Did you hear about the man who went overboard while on a cruise ship last month—and survived? How he ended up overboard is a bit of a mystery…the man was in one of the ship’s bars with his sister and excused himself around 11:00 PM to use the restroom. His next memory is waking up in the Gulf of Mexico. (He says he was not drunk, and the fall overboard knocked him unconscious.) For 20 hours he battled jellyfish, nasty rip currents and a possible brush with a shark. He munched on floating pieces of bamboo to stay nourished and mask the taste of seawater. When the Coast Guard rescued him the following evening, he was mere minutes from death.
I have so many questions…namely, how does one “not remember” tumbling over a cruise ship railing? Also, his family didn’t report him missing until the next day, so how on earth did rescuers locate him so quickly? I did a little digging, and it turns out the individual we have to thank—for this man’s rescue and thousands of others lost at sea—is someone you’ve probably never heard of. His name is Arthur Allen, and until 2019, he worked as an oceanographer for the United States Coast Guard. In May 2001, Allen spent a day observing rescue operations at the Rescue Coordination Center in Portsmouth, Virginia. The experience was horrifying. Even when search and rescue operators knew exactly where and when a ship capsized, they had no formulas or technologies to help them determine where a ship—and its occupants—would drift, resulting in impossibly large search grids. When the center fielded a call about a capsized sailboat that was carrying three adults and one child, Allen helplessly stood by as operators struggled to pinpoint where the boat was drifting. The Coast Guard finally located the boat the following morning thanks to a tip, but it was too late; the child and another adult (the child’s mother) did not survive. Allen was haunted by the experience and returned home determined to develop formulas for how people and objects drift in coastal waters in varying weather conditions. (He experimented by tossing objects into the Long Island Sound and observing their drift patterns.) He later pioneered a computer modeling program that predicts where objects at sea will be found. While Allen did receive a public service award in 2019 for his contributions, his role in saving thousands of lives at sea is rarely mentioned.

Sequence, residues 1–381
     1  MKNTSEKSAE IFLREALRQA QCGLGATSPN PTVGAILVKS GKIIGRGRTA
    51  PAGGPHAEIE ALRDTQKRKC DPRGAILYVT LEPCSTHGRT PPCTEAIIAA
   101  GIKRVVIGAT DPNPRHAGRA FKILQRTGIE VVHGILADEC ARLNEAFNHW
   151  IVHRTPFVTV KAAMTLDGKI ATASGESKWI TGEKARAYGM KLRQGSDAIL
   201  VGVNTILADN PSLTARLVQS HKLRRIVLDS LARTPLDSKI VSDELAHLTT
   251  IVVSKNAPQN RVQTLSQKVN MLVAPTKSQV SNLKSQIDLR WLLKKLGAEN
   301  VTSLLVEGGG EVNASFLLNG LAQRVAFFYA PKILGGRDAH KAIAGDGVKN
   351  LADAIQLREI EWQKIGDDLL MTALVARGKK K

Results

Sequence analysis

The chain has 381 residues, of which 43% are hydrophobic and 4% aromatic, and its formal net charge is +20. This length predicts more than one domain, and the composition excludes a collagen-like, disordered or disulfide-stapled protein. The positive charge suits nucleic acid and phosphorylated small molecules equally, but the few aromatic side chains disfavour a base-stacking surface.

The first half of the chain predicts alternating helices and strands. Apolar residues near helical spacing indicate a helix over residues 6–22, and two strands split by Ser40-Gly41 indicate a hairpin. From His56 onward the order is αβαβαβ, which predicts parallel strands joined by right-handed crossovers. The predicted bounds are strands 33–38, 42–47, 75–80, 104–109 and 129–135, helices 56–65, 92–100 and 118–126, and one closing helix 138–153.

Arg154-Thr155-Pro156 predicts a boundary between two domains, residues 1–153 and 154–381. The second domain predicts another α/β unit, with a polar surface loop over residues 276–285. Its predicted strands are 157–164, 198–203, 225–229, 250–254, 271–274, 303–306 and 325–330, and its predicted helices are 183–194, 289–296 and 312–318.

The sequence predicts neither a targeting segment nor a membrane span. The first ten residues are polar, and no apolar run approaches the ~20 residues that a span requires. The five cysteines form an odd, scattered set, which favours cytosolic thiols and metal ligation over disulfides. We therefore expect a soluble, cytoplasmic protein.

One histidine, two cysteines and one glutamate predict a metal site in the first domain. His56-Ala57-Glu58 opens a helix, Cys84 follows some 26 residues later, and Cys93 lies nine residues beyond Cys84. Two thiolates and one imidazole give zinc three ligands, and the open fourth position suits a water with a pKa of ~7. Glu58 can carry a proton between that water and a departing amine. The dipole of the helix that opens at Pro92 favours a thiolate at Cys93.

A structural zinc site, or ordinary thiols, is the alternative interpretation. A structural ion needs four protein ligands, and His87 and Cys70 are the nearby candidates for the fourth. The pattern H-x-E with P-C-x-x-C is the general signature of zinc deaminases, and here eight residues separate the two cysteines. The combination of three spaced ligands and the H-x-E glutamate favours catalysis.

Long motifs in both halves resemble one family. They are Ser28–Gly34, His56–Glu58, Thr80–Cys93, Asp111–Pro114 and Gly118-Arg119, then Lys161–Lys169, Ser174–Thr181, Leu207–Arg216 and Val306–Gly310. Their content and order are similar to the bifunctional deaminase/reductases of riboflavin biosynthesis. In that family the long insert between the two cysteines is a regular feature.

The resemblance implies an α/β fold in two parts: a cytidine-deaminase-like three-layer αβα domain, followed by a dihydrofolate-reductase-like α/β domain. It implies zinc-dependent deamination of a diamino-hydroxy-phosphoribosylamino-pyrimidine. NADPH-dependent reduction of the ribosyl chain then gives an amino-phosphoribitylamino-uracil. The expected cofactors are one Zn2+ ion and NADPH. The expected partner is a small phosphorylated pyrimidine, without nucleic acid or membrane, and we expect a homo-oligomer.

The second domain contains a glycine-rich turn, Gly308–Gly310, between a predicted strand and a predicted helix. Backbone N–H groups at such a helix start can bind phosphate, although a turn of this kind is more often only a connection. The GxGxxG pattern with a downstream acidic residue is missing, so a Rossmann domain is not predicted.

I took a cruise years ago, and I spent most of the time obsessively checking and rechecking the locks to our stateroom balcony, terrified that my then-toddler children would tumble overboard. I only went out on the balcony once; the view of the vast, endless sea was unnerving. At any moment, it could swallow me whole.
PS This podcast is a fascinating deep dive (excuse the pun) into Allen’s work!
Sticking close to shore,